Main point | Quick guide (article) | Khan Academy (2024)

Main Point Questions

The first question in most Reading Comprehension sets will ask you to identify the statement that best expresses the central idea or the main point that the passage as a whole is designed to convey.

These questions come in three basic varieties:

Type 1: What’s the point? What’s the “big idea?”

The most common Main Point variant asks you to identify the main point, main idea, or central idea of the passage.

These main point questions have a much narrower focus than questions that ask you to summarize the passage do. To answer them correctly, you have to be able to identify the most important idea that the passage is trying to establish—the idea that all other ideas and information in the passage are there to support.

Type 2: Can you sum it up?

A few Main Point questions will take the following form:

“Which one of the following most accurately summarizes the contents of the passage?”

Summary questions ask you to identify the response that summarizes the passage most accurately. The thing to remember about these questions is that the answer will be the one choice that covers the important material in the passage most completely. That is not to say that the answer is necessarily the choice with the most words, but it does mean that the correct choice will be the most comprehensive and inclusive of the steps taken in the passage.

Note: This variant of main idea questions is fairly rare.

Type 3: What’s a good title?

A third variant offers five potential titles for the passage (or pair of passages) and asks you to choose the one that is most suitable, based on the main point of the passage. This variant is related to the main point/main idea question in that the best title will be the one that touches most directly on the central idea or point of the passage.

These questions are also relatively rare. If you come across one, focus on finding the title that contains the content you would expect to see in a standard statement of the main idea of the passage.

Strategies

Prediction

When you say something in your own words, you gain control of the content and prove to yourself that you understand what's going on.

With that in mind, it can be helpful to come up with the main point in your own words before heading to the choices. Then, see which choice most closely matches your prediction.

Of course, there is more than one way to express the main idea of any passage, so you may not find an option that matches your phrasing exactly. But if you have a good grasp of the passage, the correct choice should come closer to the way you would put it than the other choices do.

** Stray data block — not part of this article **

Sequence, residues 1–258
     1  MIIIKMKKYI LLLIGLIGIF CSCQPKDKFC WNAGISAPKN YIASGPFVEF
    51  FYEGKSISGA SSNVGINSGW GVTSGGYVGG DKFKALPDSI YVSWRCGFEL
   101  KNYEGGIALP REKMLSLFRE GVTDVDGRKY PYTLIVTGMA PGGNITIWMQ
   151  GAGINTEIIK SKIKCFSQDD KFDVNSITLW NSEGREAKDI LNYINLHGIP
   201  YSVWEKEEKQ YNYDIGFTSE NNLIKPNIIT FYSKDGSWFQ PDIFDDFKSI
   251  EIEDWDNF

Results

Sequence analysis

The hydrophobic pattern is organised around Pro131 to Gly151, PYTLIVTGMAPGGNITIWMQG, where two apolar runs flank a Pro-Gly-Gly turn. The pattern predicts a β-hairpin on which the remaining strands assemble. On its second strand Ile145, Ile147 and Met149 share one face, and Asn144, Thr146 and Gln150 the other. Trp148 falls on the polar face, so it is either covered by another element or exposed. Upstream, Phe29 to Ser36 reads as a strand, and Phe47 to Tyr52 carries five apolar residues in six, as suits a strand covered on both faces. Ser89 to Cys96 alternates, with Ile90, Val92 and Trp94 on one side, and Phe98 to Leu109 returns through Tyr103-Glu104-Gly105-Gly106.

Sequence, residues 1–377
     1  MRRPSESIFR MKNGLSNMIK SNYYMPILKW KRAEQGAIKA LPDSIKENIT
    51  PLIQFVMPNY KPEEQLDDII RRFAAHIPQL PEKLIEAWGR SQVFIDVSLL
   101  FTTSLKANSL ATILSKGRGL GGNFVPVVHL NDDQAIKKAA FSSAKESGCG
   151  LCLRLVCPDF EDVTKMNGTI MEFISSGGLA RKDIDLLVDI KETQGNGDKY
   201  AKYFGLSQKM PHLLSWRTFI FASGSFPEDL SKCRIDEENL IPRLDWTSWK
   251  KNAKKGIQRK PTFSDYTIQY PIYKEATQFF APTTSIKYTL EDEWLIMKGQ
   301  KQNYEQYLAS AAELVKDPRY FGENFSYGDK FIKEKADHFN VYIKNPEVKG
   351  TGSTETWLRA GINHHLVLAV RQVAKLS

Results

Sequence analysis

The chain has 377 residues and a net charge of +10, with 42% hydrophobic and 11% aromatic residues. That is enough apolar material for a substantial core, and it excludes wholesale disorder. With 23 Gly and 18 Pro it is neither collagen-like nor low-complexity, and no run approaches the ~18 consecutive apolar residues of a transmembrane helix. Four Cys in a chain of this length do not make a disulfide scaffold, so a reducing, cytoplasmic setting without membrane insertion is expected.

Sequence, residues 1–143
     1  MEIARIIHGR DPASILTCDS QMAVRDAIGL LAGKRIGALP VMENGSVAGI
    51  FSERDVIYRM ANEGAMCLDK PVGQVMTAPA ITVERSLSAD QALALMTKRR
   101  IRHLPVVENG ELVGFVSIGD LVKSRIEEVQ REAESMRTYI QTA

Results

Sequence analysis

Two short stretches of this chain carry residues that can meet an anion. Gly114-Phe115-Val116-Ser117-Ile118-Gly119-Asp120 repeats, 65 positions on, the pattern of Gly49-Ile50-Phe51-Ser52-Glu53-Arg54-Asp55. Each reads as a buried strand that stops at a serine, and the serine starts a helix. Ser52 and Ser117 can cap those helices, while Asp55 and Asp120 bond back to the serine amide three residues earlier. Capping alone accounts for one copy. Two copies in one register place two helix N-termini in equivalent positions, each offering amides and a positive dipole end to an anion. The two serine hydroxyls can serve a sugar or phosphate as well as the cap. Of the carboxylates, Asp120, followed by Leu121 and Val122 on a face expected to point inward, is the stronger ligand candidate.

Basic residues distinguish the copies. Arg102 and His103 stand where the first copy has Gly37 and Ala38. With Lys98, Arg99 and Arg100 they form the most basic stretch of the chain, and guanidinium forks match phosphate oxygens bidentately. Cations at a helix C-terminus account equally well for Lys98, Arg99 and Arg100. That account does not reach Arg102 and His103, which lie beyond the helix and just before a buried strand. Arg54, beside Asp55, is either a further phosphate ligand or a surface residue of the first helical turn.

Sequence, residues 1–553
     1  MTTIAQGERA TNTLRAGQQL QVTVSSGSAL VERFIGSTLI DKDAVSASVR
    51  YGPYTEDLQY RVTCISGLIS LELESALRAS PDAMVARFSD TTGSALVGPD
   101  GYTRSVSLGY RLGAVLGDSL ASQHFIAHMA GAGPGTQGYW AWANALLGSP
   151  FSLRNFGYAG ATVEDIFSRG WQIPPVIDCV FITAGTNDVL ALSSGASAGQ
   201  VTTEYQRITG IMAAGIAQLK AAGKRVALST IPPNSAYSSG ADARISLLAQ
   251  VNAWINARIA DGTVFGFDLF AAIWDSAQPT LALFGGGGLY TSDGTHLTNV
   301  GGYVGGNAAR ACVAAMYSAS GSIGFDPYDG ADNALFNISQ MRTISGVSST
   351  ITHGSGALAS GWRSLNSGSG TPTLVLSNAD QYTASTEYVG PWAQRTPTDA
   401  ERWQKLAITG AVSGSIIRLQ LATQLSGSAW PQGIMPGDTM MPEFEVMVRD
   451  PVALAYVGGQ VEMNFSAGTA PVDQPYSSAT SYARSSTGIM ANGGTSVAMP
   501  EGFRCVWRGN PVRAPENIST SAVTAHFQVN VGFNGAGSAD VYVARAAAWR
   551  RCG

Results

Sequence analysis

Active reading strategies

We review active reading strategies in other parts of Official LSAT Practice on Khan Academy, but here is a short list:

  • Underline or circle important claims
  • Identify the point of view of the author, and note how it differs from other views presented (the perspectives of other individuals or groups)
  • Take special note of contrast language. e.g.: yet, but, although, however
  • Jot quick notes to yourself in the margins
  • After every paragraph, check your comprehension by saying the main point of the paragraph back to yourself in your own words

Check the bones of the passage

Many passages on the LSAT feature structural characteristics that are common in expository writing:

  • The first paragraph introduces the main point
  • The last paragraph sums up the main point
  • The first sentence of each paragraph makes a claim
  • The rest of the paragraph supports the claim made in the first sentence

Because of this, a quick glance over the first and last sentences of each paragraph can sometimes help to confirm what the overall structure of the passage is, and what the main point is.

Note: This strategy is by no means a substitute for a paragraph-by-paragraph breakdown of main claims; the main points of many LSAT passages are introduced in the second, third, fourth, or even later paragraphs!

Common distractor types

For main point questions, it is especially important to check all the choices before moving on to the next question. If you find a choice that looks good, it’s still worthwhile to see if there’s another that’s even better.

Some common wrong options you’ll encounter on main point questions include:

  • Too narrow: One important thing to know about main point questions is that an option that captures something that is true about the passage, or something that is present in the passage is not necessarily the answer. Choices that are too narrow will accurately describe a part of the passage, but they’ll exclude the broader point.

  • Too strong or extreme: Some distractors will draw upon a point that is made in the passage, but then take it further than can be directly supported. Be wary of “blanket” words like “always” “any” “all” “ever” and “never.”

  • Beyond the scope: These wrong options bring in content that, while adjacently related, is ultimately outside of the scope of the passage. These choices feature ideas or information that you might reasonably expect to find in a larger excerpt from the same source document that the passage was taken from, but the statement simply can't be supported by info that is present in the text in front of you.

  • Conflicts and contradictions: Some options contain language that is in direct conflict with information presented in the passage. These wrong choices can be the easiest to rule out, but many students find themselves drawn to strong statements on the opposing sides of arguments. It may be human nature that we sometimes find opposites attractive, but consider yourself warned — avoid these tempting distractors!

Main point | Quick guide (article) | Khan Academy (2024)
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